Earlier this week we wrote about the criminal justice nonprofit, Vera, which is teaming up with Google to create detailed, transparent data on prisoners. Policymakers have no access to such data, so the idea is that it will help them make more informed decisions to shape the country’s flawed justice system. Better data will certainly help, but a trip to the Netherlands might provide an even better perspective for policy reformation.
Since 2014, the Netherlands has closed 23 prisons, turning some into temporary asylum centers, housing, and hotels. Why? Because the Netherlands doesn’t have enough prisoners to fill all these jail cells thanks to a growing tendency to avoid jailing people unless it is necessary.
One key aspect of this is a prodigious program of care in the community for people with psychiatric problems. The first order of business within this program is to prevent people with a record from committing another crime. Next, the program focuses on reducing psychiatric suffering and the social problems that come with it. The Netherlands also has many outreach workers who check-up with former inmates or people with psychiatric issues.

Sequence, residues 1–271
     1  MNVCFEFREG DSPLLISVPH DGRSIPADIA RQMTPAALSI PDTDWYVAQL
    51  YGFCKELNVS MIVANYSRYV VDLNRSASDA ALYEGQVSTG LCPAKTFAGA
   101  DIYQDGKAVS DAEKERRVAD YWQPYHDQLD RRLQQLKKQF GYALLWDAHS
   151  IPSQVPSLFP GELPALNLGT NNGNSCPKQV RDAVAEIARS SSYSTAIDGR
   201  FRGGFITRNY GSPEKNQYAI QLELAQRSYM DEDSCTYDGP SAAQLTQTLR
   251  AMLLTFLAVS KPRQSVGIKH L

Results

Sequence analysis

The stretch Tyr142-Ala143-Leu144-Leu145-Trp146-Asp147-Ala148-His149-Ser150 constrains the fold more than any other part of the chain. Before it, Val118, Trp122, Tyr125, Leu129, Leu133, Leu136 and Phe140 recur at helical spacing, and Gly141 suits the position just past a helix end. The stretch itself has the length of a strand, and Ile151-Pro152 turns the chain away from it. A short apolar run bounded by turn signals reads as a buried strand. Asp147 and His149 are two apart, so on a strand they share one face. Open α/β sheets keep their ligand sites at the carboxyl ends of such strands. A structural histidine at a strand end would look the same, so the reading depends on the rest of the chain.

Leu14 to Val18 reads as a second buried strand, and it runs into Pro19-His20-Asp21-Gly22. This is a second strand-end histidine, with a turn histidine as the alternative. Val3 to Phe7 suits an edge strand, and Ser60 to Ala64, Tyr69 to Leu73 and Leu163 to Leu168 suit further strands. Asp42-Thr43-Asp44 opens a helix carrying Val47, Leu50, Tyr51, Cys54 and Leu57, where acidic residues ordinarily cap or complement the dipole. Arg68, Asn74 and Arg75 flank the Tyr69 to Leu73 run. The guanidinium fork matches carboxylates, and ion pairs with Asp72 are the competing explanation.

With a focus on rehabilitation rather than punishment, the Netherlands is able to keep the number of prisoners as low as possible. This is something the US can certainly learn from.